"Scheduled speakers from a variety of backgrounds will lend their expertise to the discussion. Mark Fenton, the author 'The Complete Guide to Walking for Health, Weight Loss, and Fitness,' will share practical and entertaining lessons for everyday commuting from his attempt to hike the 218-mile John Muir Trail in just five days."
"Keynote Speaker and Rutgers University professor John Pucher will share his research from the great cycling cities of the world, from Copenhagen to Portland. Pucher answers the question, 'How can cycling be made so safe and convenient that almost everyone feels comfortable and safe cycling?' Robert Searns, chair of American Trails, will also present..."
-> According to a Jan. 18th infoZine article, "The Missouri Foundation for Bicycling and Walking recently secured a grant to create a Missouri Safe Routes to School Network. The network will bring together organizations, agencies and officials across Missouri to increase physical activity among students by removing barriers to walking and bicycling to school. The network will complement Safe Routes to School grants administered by the Missouri Department of Transportation."
"'The Safe Routes to School program makes bicycling and walking to school a safer and more appealing transportation alternative,' said John Schaefer, MoDOT Safe Routes to School Coordinator. 'By encouraging more students to walk, wheel or bike to school, we encourage a healthy and active lifestyle from an early age.'...The Missouri network will work to ensure that federal SRTS funds are spent on quality projects and leverage additional state resources for SRTS initiatives..."
-> According to a Dec. 18th Journal-World article, the city's Parks and Recreation Department administered a survey during a series of three public meetings in October and November, and on the department's Web site. Among the projects receiving a large number of votes were: "A new trail in northwest Lawrence to connect Kansas Highway 10 to Kasold Drive, following a route along Baldwin Creek; a new trail in west Lawrence to connect Clinton Parkway, Bob Billings Parkway and Sixth Street and a new trail in southeast Lawrence to connect a trail at 29th Street with Prairie Park."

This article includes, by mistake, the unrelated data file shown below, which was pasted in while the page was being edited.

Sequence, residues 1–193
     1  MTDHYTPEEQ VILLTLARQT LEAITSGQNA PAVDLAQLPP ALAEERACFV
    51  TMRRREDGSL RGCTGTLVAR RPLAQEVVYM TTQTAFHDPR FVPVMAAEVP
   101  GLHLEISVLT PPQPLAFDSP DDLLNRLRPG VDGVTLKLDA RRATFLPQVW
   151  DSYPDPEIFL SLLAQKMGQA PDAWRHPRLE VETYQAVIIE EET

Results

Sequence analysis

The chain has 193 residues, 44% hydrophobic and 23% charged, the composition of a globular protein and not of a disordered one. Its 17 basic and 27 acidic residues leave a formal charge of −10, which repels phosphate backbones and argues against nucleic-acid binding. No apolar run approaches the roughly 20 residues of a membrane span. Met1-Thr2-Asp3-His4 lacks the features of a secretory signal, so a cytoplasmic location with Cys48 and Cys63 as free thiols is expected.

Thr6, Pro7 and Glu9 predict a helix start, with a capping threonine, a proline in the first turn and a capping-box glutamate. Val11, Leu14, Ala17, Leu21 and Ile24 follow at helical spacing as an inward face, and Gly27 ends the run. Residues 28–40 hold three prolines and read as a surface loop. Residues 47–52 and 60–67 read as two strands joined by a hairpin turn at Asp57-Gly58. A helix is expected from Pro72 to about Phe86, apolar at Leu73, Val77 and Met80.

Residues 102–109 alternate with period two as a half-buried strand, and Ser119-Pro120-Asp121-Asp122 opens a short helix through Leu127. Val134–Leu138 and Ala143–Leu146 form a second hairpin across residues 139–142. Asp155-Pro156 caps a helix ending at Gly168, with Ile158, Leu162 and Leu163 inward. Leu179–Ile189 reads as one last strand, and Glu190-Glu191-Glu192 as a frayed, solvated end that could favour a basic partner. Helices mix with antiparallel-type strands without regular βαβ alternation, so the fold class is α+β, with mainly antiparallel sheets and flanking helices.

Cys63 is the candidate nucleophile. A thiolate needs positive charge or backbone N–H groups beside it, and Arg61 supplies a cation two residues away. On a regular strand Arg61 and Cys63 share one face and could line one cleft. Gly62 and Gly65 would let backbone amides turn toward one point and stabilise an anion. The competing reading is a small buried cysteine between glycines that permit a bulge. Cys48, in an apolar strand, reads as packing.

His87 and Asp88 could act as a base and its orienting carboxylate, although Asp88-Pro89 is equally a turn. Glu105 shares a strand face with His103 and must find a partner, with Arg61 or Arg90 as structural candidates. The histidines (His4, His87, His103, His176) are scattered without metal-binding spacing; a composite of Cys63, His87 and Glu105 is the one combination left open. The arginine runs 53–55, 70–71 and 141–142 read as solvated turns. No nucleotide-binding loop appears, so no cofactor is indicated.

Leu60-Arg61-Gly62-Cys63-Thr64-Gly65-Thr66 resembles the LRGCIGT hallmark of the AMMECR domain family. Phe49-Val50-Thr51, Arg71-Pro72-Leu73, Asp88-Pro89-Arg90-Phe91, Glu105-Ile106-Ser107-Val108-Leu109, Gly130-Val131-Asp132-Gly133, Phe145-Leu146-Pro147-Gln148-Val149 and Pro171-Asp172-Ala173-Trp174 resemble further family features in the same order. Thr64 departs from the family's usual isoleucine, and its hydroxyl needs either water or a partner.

-> According to the Winter issue of the Marin County (CA) Bicycle Coalition Pedal Press, "While world leaders debate agreements to lower global carbon emissions, parents in Marin will be able to act locally, while benefiting their schools with an infusion of cash. Marin County Safe Routes to Schools (SR2S) has received a $175,000 grant from the Marin Community Foundation to reduce greenhouse gas emissions by increasing the number of students taking green trips to school by walking, biking, carpooling or using bus transit."
"The Greenways to School challenge will award $500 to $2000 to the schools that show the greatest increase in green trips to school by the end of the year. In addition, this spring each participating school will be asked to run the "Go for the Green" classroom competition in which students will track their green trips by placing leaves on a tree poster in their classroom. The class in each school that posts the most leaves will also win a cash award..."
-> According to a Jan. 15th News Press article, "A hit-and-run death in the first week of the new year underscored Glendale's troubled pedestrian safety record that has left nearly 30 dead and more than 1,000 injured in the past decade, leaving a scar on the city's otherwise enviable public safety record. Glendale has consistently ranked at the bottom among comparable cities when it comes to pedestrian-related collisions, according the California Office of Traffic Safety. For eight consecutive years, Glendale was the most unsafe city for pedestrians 65 or older, according to the agency, a ranking that improved slightly in 2008 to second-worst."